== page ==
At first I had expected it to be like our life last year. He was gone a lot for basketball, and with our work, school, and extracurricular schedules, we learned to relish in the few moments we did have together intermittently throughout the week. However since we've gotten married, I feel that each passing week causes me to miss him more.

We celebrated our one year anniversary of being together this past Monday, but like usual, we weren't able to spend anytime together. I was already asleep when he got in from work.

Trying to not be sulky about it, I started thinking over the past few weeks. Ray has has an unusual amount of days off because of his doctor appointments and surgery. Every day he had off meant we got to spend the day together at the doctor's office. Would I have rather simply spent the day with him out and about or even at home together? ...Yes. But it didn't matter. I was with him.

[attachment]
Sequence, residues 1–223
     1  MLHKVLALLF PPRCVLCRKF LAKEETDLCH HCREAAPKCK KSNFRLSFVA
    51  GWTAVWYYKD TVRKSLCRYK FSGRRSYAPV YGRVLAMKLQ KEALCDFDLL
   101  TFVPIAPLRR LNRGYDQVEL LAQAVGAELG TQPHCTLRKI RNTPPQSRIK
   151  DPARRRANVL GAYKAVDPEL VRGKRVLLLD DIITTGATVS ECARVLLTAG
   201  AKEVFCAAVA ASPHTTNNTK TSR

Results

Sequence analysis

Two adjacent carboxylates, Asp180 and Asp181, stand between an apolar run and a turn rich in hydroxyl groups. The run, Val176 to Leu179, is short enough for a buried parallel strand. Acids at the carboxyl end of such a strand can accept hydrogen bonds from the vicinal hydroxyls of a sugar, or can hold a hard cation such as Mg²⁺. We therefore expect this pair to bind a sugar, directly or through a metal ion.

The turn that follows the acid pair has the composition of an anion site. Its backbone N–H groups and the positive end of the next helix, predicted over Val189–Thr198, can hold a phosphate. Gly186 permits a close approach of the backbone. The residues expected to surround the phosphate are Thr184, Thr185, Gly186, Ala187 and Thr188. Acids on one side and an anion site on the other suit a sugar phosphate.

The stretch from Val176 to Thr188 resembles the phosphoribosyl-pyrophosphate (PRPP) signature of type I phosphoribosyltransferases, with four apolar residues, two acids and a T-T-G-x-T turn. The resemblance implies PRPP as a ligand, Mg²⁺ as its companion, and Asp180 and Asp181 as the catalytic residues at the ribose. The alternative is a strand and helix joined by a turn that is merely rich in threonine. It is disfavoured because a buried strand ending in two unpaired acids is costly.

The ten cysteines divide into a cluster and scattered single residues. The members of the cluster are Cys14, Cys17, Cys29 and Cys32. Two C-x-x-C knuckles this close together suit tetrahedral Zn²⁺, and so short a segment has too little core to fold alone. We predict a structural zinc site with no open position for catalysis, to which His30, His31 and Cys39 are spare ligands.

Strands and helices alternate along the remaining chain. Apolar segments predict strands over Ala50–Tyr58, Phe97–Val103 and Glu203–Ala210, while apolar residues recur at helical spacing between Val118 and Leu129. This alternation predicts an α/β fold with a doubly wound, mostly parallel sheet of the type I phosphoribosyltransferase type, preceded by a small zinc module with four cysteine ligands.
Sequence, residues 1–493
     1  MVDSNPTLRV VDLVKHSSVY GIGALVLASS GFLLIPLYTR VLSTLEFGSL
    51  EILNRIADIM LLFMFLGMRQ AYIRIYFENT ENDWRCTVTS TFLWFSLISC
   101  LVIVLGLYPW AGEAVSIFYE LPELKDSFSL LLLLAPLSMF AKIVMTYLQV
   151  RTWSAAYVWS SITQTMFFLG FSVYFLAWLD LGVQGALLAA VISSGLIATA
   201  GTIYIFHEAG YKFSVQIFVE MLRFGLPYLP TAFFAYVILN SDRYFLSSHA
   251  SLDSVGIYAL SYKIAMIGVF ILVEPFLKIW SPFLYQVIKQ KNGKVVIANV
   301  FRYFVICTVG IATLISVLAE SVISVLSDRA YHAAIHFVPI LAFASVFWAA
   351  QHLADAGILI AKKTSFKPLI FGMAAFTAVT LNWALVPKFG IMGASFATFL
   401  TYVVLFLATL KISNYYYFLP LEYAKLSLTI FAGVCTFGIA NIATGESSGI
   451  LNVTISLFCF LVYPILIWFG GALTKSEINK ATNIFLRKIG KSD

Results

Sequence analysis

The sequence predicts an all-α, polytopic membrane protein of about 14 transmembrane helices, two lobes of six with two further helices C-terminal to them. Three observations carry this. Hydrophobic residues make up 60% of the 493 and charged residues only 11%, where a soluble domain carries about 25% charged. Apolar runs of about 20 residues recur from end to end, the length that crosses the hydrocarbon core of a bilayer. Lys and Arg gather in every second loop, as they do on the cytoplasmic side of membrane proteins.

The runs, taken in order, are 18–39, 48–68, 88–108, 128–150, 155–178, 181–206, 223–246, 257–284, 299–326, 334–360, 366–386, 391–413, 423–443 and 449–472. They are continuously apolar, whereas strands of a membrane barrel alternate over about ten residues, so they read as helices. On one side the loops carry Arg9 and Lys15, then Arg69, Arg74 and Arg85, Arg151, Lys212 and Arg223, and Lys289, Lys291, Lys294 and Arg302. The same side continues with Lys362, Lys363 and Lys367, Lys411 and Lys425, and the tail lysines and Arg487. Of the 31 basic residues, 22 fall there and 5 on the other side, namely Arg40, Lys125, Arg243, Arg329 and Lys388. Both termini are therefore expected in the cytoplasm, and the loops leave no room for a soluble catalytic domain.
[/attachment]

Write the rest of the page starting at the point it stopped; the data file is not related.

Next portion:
This past Sunday was a defining moment for the concept of marrying your best friend. We were coming home from my mom's house, and I started to open up to him about the way I have been feeling about our life, schedules, and the trials we have faced over the past year. The conversation covered a wide range of topics, but at one point I was a blubbering girl of emotion. He simply reached his hand over and rubbed my neck.

It was a gesture that literally swept me. He didn't have to say anything. He didn't have to do anything. He just let me know that he was there.

The love of my life
It is that feeling that made it click for me that he really has become my best friend. After all, simply being there is what made my best friends, my best friends. This is not to discredit their countless hours of advice, encouragement, love, support, generosity, and laughs over the course of our friendship, but it's those moments of them just being there that have truly meant the world.

And for that I am so thankful.

Locker neighbor to FINALLY my bestie beyond distance, Keri 

My best friend since birth, my sister Sarah.
Who knew a conversation about cool whip
would lead me to this girl?  

StuCo truly changed my life by blessing me with this girl.

High school. SIU. She's been there for it all.